Thanks again! Not one HVAC, insulation or door/window person mentioned this.
You probably made a house we otherwise love, livable!
« Last Edit: December 14, 2017, 06:08 AM by Deke »

Offline Cheese

  • Posts: 4330
Re: Weather stripping a door - nothing seems to work
« Reply #13 on: December 14, 2017, 10:16 AM »
On the last door I replaced I slipped a piece of sheet metal behind the door jamb... A deadbolt with a one inch throw will engage the sheet metal when locked. You can kick on it and maybe break the door itself but you'll have a tough time kicking out the door jamb with that 16 or 18 Ga. sheet metal in there.

Good idea...I like that. [big grin]

The low expansion foam also does a great job in supporting the jamb as it adheres tenaciously to the wood and helps prevent jam blowout.

Offline Dane

  • Posts: 335
Re: Weather stripping a door - nothing seems to work
« Reply #14 on: December 14, 2017, 11:00 AM »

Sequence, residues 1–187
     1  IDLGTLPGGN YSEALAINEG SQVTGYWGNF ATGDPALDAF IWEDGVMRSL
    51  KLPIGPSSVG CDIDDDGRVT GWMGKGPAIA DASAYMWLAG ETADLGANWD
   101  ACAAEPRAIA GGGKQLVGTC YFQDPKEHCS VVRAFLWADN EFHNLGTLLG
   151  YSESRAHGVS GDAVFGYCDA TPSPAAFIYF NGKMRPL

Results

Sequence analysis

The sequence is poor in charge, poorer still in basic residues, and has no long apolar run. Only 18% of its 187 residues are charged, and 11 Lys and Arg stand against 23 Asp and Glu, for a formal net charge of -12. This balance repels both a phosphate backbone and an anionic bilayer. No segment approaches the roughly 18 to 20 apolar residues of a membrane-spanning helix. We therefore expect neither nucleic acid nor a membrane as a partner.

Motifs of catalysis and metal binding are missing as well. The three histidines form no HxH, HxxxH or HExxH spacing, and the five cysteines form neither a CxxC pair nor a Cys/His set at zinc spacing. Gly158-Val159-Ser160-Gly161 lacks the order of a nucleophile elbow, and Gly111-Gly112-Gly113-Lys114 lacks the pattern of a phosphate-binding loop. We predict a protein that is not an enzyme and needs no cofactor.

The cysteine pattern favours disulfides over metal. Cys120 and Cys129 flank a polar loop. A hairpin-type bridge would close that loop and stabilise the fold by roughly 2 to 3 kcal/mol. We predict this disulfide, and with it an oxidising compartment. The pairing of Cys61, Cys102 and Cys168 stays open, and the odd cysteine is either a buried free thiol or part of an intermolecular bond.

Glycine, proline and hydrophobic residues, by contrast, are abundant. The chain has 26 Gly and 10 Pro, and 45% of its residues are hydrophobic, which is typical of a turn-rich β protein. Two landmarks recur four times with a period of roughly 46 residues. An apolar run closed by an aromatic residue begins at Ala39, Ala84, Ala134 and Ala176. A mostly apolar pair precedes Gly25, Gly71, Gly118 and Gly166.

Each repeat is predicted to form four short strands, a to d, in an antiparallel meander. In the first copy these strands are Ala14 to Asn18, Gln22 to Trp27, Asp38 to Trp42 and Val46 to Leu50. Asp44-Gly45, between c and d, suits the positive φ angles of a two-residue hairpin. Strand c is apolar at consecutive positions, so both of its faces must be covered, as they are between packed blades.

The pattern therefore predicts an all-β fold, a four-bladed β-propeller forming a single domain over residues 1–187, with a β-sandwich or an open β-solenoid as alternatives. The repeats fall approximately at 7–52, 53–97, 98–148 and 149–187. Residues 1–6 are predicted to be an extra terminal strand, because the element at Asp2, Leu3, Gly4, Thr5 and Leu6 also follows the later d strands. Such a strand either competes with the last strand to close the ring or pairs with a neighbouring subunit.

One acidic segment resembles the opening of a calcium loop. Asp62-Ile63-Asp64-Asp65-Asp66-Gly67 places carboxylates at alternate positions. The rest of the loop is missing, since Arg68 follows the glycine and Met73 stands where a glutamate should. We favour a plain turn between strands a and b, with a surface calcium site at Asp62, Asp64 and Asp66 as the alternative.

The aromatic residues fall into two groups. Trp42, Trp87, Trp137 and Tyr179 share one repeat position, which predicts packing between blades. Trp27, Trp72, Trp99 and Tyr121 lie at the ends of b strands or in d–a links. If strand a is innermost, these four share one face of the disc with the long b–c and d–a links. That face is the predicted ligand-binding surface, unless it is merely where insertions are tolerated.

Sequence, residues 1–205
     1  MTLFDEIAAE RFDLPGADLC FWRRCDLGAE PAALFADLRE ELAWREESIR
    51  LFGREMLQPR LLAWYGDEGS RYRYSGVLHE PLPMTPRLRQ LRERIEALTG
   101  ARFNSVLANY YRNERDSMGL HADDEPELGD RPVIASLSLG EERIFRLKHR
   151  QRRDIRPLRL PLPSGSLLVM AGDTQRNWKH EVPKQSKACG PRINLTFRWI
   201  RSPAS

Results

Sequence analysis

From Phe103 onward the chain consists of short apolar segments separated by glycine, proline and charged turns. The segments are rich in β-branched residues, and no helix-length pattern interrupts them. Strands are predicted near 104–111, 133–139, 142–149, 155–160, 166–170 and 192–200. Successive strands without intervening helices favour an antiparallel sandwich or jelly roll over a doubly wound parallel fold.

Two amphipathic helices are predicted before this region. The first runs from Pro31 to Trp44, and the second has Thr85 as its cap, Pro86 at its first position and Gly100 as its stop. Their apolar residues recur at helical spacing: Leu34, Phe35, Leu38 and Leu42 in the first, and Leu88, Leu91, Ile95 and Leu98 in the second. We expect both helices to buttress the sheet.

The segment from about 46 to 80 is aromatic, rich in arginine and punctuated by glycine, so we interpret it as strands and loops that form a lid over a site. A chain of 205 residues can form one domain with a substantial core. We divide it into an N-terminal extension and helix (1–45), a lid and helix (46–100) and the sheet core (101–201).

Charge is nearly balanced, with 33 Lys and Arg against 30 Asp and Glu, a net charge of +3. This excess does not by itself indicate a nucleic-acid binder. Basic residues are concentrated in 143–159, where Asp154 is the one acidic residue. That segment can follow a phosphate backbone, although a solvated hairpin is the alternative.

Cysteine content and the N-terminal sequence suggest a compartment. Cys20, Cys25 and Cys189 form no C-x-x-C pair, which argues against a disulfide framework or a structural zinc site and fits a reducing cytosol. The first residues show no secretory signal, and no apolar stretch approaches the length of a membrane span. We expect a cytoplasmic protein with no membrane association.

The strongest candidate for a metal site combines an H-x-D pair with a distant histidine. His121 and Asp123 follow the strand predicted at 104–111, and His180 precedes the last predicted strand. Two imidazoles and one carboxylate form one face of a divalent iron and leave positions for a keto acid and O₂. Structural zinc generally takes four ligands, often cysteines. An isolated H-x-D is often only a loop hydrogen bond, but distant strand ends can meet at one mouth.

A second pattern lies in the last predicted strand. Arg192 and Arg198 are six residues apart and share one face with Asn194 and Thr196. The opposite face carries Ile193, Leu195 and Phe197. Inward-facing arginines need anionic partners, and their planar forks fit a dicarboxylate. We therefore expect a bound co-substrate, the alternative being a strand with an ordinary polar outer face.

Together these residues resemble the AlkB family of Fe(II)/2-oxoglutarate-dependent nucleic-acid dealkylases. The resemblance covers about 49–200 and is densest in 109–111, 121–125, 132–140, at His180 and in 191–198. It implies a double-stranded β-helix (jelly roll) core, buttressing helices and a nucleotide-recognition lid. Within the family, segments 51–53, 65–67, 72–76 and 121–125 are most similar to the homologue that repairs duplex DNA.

Happy to help.  I'm always gratified to pass on the gospel of building performance.  If you have an old whole house fan that hasn't been properly sealed, that is what is causing 75 percent of your discomfort.  Unfortunately, traditional HVAC and insulation contractors still haven't gotten on board with the actual science of making a home comfortable and affordable.  An average sized American home has air leakage that is the equivalent of a 2 square foot window being open 24/7.  As you note, insulation alone does little to stop the movement of air.  Heat moves via convection (air movement) far more efficiently than it does through conduction (the movement of heat through a material).  As you note-traditional insulation, like fiberglass and cellulose, does nothing to stop air movement- and therefore very little to stop the movement of heat out of your house.  What should happen, is that the entire surface of the attic should be airsealed first- i.e., all the cracks and holes from lighting fixtures, plumbing and wiring chases, fans, and, if your house is old, possibly huge bypasses created by balloon framing.  After the attic plane is tight, then insulation is put down to slow conductive heat loss.  The airsealing side of the equation doesn't happen 90 percent of the time.  As you can imagine, all of that hot air escaping through the cracks in the building envelope also carries with it significant amounts of moisture.  This causes a number of problems- it reduces the humidity in your house, making it very uncomfortable and it also can cause serious issues when moist air migrates into cold attics and walls.  It can condense on the cold surfaces, causing rot, and it is also the number one cause of ice dams and roof failures.